Diners who enjoy a juicy burger have been warned that eating them pink in the middle is “like driving without wearing a seatbelt”.
Fiachradh McDermott of The Irish Times reports that safefood began its new campaign, “Burger Fever”, on Thursday to inform people that eating undercooked burgers could lead to serious or sometimes life-threatening food poisoning.
What she didn’t report is that color is a terrible indicator of safety, and that needle-or-blade-tenderized steaks carry the same risk as mince, so this science-based agency is publishing fairy tales.
But I’ll let the bureaucrats speak for themselves and you judge.
The body advised people to always ask for burgers to be well-cooked in restaurants.
In an online survey conducted by safefood, 96 per cent of people considered themselves well-informed about food safety. However, 51 per cent admitted to eating undercooked burgers.
Two thirds of respondents said they would reconsider their choice if they knew there was a possibility of food poisoning.
Undercooked burgers carry the risk of E. coli, which can have long-term effects. The biggest worry is a type called VTEC, which causes severe diarrhoea.
Dr Linda Gordon, chief specialist in food science at safefood, said it can result in “frequent serious complications.” VTEC can affect the blood and kidneys, and is most serious in older people and children under five. However, it only takes as little as ten E. coli cells to make a person sick, she said.
Dr Gordon said the campaign is intended as a preventative measure, but “emphasising the difference between a burger and a steak” is an important aspect.
According to Dr Gary Kearney, director of food science at safefood, “Mince used in hamburgers is a higher risk as the food poisoning bacteria that live on the surface of the beef (steak) is then mixed through the middle of the burger when the beef is minced – so in effect, the outside is now on the inside.”
Dr Martin Cormican, Professor of Bacteriology at National University of Ireland, Galway (NUIG), emphasised the possibility and danger of contracting VTEC from undercooked meat.
“Eating burgers that are pink in the middle is a bit like driving without a seatbelt; you might get away with it for years but if something goes wrong and you are harmed, will you still think it was worth it?”
No mention of thermometer, cooking temps and hold times, just plain pandering.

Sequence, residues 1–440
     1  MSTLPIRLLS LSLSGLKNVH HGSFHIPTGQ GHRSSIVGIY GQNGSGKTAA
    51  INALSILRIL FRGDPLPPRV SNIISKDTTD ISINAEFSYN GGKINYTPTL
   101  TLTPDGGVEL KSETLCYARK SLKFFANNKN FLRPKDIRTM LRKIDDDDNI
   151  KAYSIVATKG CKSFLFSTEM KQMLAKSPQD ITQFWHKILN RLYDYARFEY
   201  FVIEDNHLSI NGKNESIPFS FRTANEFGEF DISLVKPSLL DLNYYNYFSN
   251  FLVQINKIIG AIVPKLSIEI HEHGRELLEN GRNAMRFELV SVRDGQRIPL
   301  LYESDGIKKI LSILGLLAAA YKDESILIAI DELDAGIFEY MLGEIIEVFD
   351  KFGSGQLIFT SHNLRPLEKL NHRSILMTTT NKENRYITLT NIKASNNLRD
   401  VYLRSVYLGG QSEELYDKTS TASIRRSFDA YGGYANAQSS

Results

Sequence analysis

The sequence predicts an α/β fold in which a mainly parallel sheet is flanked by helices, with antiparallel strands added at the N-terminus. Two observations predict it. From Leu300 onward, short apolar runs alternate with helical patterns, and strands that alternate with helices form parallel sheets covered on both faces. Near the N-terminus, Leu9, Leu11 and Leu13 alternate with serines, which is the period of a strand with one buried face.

Use a fucking thermometer and stick it in.
Assessment of risk communication about undercooked hamburgers by restaurant servers
E. Thomas, E,M,, Binder, A., McLaughlin, A., Jaykus, L., Hanson, D, Powell, D.A., Chapman, B. 2016.
Journal of Food Protection Vol. 79, No. 12, pp. 2113-2118
According to the U.S. Food and Drug Administration 2013 Model Food Code, it is the duty of a food establishment to disclose and remind consumers of risk when ordering undercooked food such as ground beef.
The purpose of this study was to explore actual risk communication activities of food establishment servers. Secret shoppers visited restaurants (n=265) in seven geographic locations across the U.S., ordered medium rare burgers, and collected and coded risk information from chain and independent restaurant menus and from server responses.
The majority of servers reported an unreliable method of doneness (77%) or other incorrect information (66%) related to burger doneness and safety. These results indicate major gaps in server knowledge and risk communication, and the current risk communication language in the Model Food Code does not sufficiently fill these gaps. Furthermore, should servers even be acting as risk communicators? There are numerous challenges associated with this practice including high turnover rates, limited education, and the high stress environment based on pleasing a customer. If it is determined that servers should be risk communicators, food establishment staff should be adequately equipped with consumer advisory messages that are accurate, audience-appropriate, and delivered in a professional manner so as to help their customers make more informed food safety decisions.